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Book and Media Reviews
December 3, 2008

Handbook of Human Immunology

JAMA. 2008;300(21):2553-2554. doi:10.1001/jama.2008.726

In recent years, the role of the clinical immunology laboratory has gained significant momentum in the diagnosis, monitoring, and prognosis of immunological disorders. The relationship between the clinician and the laboratory has now advanced to such an extent that the laboratory is indispensable for the practice of clinical immunology, especially in the fields of immunodeficiency, infectious diseases, hematology, transplantation, and autoimmunity.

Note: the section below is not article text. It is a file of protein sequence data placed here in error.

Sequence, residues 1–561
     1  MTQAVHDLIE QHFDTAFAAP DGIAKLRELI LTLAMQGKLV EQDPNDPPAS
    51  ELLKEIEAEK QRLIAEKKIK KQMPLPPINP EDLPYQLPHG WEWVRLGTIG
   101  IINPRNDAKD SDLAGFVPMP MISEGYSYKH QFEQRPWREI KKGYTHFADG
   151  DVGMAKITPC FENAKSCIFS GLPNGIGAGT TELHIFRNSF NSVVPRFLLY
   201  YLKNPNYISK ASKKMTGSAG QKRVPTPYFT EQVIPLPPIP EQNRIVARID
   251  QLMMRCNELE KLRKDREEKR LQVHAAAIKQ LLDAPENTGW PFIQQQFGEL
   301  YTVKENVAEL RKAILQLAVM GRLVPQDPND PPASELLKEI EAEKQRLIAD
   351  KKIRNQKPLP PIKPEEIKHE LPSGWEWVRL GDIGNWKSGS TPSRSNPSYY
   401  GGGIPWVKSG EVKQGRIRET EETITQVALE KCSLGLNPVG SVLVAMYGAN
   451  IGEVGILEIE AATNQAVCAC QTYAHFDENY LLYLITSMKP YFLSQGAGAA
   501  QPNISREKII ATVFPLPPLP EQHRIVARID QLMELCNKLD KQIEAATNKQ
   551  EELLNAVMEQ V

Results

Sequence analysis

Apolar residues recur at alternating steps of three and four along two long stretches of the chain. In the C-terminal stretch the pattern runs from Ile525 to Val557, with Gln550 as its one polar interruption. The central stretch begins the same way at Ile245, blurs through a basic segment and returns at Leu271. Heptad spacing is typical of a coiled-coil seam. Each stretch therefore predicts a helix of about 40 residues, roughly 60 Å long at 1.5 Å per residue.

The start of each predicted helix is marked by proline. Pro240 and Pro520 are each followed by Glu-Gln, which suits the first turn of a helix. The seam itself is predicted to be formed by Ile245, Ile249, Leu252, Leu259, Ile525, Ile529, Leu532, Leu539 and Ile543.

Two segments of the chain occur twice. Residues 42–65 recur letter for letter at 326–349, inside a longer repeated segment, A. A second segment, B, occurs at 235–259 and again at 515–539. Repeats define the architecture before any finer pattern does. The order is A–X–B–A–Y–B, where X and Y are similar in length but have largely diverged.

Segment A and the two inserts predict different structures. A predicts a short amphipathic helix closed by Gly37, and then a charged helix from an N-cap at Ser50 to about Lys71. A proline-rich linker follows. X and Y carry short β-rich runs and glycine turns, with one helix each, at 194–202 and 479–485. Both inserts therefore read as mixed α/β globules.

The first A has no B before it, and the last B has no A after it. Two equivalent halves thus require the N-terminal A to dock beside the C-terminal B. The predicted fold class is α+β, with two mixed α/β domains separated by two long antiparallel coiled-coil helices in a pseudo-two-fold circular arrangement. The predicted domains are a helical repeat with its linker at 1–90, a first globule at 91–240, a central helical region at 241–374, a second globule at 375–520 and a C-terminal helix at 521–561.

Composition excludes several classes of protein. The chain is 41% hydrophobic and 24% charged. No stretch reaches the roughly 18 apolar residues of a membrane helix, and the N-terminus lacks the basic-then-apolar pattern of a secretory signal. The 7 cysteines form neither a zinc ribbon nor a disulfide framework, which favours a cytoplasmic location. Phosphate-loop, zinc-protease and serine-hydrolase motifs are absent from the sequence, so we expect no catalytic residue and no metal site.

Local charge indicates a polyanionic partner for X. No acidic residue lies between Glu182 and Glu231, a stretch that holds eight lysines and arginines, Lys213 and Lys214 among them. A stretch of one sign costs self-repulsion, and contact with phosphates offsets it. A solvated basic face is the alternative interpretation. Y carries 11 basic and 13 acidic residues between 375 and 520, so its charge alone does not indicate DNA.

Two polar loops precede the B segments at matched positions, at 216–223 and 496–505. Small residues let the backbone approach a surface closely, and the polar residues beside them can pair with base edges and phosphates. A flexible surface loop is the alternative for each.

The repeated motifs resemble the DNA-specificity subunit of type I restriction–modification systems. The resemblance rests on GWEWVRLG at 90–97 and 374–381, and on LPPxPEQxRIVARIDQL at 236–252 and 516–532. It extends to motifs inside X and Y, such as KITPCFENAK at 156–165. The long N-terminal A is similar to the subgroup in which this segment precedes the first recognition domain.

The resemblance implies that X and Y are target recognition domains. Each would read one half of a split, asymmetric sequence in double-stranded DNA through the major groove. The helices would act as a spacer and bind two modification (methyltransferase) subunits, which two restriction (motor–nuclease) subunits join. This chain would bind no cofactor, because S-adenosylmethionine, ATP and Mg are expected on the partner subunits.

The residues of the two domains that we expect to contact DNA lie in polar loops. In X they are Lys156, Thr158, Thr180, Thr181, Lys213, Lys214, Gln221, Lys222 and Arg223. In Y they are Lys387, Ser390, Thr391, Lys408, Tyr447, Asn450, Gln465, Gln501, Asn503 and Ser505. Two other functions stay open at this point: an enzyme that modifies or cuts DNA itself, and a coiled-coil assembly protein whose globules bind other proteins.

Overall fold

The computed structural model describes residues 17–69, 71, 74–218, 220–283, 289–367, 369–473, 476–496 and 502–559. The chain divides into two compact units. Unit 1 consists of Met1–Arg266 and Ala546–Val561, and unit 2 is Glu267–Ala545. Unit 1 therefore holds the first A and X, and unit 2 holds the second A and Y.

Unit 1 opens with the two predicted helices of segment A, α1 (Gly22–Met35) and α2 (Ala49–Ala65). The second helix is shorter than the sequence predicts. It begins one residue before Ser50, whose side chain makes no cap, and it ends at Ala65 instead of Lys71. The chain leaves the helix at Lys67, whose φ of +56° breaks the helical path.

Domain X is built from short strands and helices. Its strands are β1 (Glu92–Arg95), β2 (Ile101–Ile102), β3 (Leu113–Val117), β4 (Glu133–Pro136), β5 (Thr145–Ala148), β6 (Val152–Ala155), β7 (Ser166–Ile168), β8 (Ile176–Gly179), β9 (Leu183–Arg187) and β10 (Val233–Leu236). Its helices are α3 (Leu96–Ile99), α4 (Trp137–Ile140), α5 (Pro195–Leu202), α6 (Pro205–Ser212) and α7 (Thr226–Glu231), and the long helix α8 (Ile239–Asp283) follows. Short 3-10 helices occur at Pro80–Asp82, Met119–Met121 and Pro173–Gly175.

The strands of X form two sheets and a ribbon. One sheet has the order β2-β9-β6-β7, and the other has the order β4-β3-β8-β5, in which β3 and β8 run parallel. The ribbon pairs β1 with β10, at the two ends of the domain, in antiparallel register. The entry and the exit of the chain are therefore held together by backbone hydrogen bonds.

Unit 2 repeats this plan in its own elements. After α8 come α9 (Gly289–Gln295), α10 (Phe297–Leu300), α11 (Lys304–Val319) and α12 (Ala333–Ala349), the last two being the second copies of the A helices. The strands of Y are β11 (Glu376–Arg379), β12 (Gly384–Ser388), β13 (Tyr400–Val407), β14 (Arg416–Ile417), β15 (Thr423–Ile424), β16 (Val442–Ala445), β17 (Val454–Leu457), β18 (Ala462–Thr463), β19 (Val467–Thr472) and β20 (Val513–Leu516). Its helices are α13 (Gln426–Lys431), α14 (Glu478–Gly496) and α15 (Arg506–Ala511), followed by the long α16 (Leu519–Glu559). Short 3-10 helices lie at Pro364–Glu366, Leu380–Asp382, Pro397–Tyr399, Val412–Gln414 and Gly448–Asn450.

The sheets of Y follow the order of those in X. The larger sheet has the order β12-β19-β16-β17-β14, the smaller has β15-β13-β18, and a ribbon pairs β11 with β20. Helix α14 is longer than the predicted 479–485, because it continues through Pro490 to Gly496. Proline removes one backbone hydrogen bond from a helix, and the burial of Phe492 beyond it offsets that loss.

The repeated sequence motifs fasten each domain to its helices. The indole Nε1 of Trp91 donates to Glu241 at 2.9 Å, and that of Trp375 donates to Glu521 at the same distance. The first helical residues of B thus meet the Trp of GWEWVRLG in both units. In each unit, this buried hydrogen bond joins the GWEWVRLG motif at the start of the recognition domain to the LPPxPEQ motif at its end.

Clinicians evaluating or treating patients with immunological disorders have ready use for a readable, up-to-date resource on clinical laboratory immunology. Flow cytometry and molecular diagnostics, along with cytogenetic, cellular, and multiplexed bead assays, are now used routinely in the assessment of infection, cancer, transplantation, immunodeficiency, and immunocompetence.

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